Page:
NEW TALE FOR TIGERS
Fresh faces, same game for Owens' Grand Junction squad
Tyler Heinsma, Austin Lewis, Theron Verna, Kaleb Johnson, Quinton Walton, Michael McKnight, Robbie Gonzalez, John Wiman, Dion Martinez.
The list goes on with a few more names, and they make this point: Grand Junction graduated a whole bunch of starters, many of them off to play college football, from last year’s football team that won the Southwestern Conference, then won one Class 5A playoff game before closing the books on an 8-3 season.
That suggests the Tigers don’t return much as they try to keep the recent run of success going under seventh-year coach Robbie Owens.
But the Tigers did a fair amount of platooning, and the cupboard is far from bare as they say goodbye to the SWC and hello to a Front Range conference: the 5A South Metro.
Eight players who started last year are back, and three of them — wide receiver/defensive back Jack Parsons, tight end/linebacker James Antonucci, and lineman Austin Gray — started on both sides of the ball, accounting for 11 positions.
They provide a good nucleus, and Owens said a combination of size and speed is ready to blend in with the returnees.
“We have a lot of guys who haven’t had that Friday night lights experience,” Owens said. “There are going to be some growing pains.
“It’s one of those years, we may not have the stars, but we have a great group of kids and team concept, and we’re excited to see what they’ll do.”
None of the aforementioned graduates are easily replaced, and chief among them were Heinsma, a two-year starter at quarterback, and Verna, who played wherever Owens asked him to line up, which was darn near everywhere.
Vying to take the reins of the offense are senior Michael Poland and sophomore Jax Nourse. Owens said Poland knows the nuances of the offense, makes good reads and is a good runner.
Nourse is a big, strong kid, and Owens calls him athletically gifted, but injuries have kept him off the football field for two years, so he’s behind in experience and understanding the Tigers’ offense.
“Once he gets that experience, he’s going to be a very special player,” Owens said.
Owens added he expects to play both quarterbacks during the first few nonconference games, much like he did Heinsma and Wiman two years ago, and then decide on a starter. Owens said he spent a lot of time trying to get both quarterbacks comfortable with Grand Junction’s offense because being comfortable makes a world of difference.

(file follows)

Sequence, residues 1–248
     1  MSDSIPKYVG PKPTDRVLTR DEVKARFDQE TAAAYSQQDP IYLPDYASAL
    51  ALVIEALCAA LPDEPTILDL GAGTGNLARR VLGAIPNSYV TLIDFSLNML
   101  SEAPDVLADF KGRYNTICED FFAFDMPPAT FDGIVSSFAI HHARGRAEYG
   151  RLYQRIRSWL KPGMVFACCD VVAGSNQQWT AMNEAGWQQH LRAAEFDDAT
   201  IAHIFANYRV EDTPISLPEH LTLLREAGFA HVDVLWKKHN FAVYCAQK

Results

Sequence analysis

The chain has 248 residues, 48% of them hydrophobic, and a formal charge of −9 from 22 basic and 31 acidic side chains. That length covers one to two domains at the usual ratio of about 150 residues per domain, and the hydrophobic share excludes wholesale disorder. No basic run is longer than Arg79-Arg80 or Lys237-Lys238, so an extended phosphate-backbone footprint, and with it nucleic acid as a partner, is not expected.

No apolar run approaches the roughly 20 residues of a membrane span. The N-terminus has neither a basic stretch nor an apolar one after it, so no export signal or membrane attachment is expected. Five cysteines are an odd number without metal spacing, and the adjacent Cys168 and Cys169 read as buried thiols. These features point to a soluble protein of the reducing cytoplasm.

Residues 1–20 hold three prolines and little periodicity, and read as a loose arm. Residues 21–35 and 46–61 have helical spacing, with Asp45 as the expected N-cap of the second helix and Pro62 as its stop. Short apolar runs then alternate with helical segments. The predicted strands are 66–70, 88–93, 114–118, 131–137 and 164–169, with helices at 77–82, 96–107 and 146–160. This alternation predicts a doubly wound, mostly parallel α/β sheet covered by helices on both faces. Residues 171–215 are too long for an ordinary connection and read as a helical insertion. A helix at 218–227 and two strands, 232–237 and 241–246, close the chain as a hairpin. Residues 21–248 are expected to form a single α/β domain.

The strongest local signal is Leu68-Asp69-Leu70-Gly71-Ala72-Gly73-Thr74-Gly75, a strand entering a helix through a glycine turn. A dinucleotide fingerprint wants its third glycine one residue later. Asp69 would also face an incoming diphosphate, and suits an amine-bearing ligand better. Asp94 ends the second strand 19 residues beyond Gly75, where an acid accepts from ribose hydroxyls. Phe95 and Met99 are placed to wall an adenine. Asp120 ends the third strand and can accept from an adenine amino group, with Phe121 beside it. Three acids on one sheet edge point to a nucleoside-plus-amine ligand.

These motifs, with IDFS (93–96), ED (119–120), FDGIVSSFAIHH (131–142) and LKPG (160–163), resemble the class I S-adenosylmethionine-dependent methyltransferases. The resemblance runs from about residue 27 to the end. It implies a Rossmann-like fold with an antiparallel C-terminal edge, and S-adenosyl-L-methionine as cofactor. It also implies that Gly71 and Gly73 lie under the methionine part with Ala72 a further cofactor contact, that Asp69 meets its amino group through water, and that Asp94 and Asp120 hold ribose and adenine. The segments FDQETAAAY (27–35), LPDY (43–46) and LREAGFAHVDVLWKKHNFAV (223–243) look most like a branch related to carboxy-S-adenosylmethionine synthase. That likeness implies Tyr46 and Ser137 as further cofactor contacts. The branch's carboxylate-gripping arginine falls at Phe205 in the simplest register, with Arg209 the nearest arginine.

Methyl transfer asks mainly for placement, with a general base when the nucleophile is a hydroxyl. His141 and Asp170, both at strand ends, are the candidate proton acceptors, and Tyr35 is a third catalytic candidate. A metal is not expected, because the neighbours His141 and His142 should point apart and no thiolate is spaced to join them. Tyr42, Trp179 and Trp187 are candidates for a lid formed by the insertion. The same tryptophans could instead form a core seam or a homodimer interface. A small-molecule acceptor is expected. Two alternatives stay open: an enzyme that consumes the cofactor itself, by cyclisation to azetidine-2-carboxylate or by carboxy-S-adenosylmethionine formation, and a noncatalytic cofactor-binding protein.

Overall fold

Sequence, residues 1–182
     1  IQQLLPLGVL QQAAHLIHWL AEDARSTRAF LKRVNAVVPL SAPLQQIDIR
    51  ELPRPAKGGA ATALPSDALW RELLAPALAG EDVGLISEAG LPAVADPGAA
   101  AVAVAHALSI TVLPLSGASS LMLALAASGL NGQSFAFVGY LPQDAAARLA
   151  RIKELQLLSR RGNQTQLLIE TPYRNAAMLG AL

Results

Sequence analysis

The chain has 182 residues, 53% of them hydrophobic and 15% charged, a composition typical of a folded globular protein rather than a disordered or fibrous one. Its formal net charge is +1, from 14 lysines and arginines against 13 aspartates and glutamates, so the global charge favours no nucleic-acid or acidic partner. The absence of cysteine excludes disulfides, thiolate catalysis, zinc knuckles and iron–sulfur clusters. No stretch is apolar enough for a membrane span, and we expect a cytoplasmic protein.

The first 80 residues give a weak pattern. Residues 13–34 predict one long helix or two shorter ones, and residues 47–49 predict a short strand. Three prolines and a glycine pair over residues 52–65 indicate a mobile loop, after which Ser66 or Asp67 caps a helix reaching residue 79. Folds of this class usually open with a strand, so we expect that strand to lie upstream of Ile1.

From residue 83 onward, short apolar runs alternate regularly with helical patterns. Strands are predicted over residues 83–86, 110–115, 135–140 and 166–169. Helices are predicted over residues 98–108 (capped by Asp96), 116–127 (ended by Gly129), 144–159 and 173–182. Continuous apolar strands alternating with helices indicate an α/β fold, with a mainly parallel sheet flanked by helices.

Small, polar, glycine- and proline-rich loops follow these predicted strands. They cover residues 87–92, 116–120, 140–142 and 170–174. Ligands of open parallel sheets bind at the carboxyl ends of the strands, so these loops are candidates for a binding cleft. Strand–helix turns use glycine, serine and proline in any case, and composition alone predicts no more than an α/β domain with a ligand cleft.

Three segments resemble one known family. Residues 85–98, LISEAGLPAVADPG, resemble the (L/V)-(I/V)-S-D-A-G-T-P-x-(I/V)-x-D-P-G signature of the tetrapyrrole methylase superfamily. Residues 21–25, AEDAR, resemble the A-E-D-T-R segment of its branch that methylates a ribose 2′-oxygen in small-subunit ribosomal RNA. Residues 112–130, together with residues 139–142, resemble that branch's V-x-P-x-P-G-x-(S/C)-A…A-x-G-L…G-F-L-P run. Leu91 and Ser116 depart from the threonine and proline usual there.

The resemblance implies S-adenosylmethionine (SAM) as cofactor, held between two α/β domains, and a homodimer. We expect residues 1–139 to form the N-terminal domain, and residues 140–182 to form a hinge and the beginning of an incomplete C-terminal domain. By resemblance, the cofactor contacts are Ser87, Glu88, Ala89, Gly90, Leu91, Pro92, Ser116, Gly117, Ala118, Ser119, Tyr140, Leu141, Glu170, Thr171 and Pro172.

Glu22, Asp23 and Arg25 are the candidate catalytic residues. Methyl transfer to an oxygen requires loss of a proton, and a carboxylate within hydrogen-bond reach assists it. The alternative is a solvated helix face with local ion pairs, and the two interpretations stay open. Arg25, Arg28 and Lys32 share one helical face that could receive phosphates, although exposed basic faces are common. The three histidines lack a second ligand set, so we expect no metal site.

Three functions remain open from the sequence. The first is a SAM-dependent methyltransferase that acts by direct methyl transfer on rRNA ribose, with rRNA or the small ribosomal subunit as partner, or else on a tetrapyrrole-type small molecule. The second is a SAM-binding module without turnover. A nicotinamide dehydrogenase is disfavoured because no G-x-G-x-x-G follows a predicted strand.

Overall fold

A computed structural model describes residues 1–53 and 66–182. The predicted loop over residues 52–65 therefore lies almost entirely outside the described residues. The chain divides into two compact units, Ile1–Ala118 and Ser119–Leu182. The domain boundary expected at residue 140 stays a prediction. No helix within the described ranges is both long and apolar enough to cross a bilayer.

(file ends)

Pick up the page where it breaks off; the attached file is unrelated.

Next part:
“I think we saw that last year, how much it meant to have Tyler Heinsma comfortable,” Owens said.
Replacing Verna probably requires three players, Owens said, but he thinks Brody Cupp, a 6-foot-3, 200-pound starter at tight end last year, can become almost as versatile. A sprinter in track and field, Cupp also will start at outside linebacker.
Lewis rushed for more than 1,000 yards last season, Heinsma surpassed 1,000 yards rushing, and Martinez and Verna both ran for more than 200. No one else had 100 yards, but Owens said junior Michael Rogers is another big, strong kid who likely will start, and Owens anticipates four or five players getting carries.
Parsons averaged 25.4 yards per catch on 17 receptions last year, and on defense he tied for the team lead with three interceptions. He’s coming off a knee injury but appears to be ready for his senior season.
Antonucci was third on the team with 71 tackles, and he made eight catches as a tight end. Owens said he probably should have utilized Antonucci more on offense last year, and he’ll try to remedy that this year.
There’s inexperience in the backfield, but Owens said Grand Junction’s no-huddle, power pistol can be adapted to his personnel, and he thinks the offense will remain high-powered.
“Our expectation is we feel we can go out and score 40 points every game,” Owens said.
One of the keys to getting the new players acclimated will be the linemen on both sides of the ball. The Tigers have size similar to two years ago — Gray is 275 pounds, as are Ben Schettler and Dante Stewart, Nik Schwietert is 270, and Angel Bautista-Ponce is 265 — and Owens said there is depth at the position.
“We feel really good about this group and how they’ve jelled together,” Owens said. “Their work ethic in the weight room has been unbelievable.”
Owens said the first few games will be tough and telltale in establishing the Tigers’ identity. Grand Junction opens at Montrose, the runner-up in Class 4A last year, then plays Fairview, Class 5A’s runner-up last season.
If nothing else, the Tigers will have good preparation entering their new conference, where Owens calls Arapahoe the favorite, and he considers Heritage to be solid program year in, year out.
As for the Tigers, he thinks they can be right in the thick of things at the top.
“When I look at the schedule, I think there’s no reason we shouldn’t be battling for another conference title. It’s just going to have a different name to it.”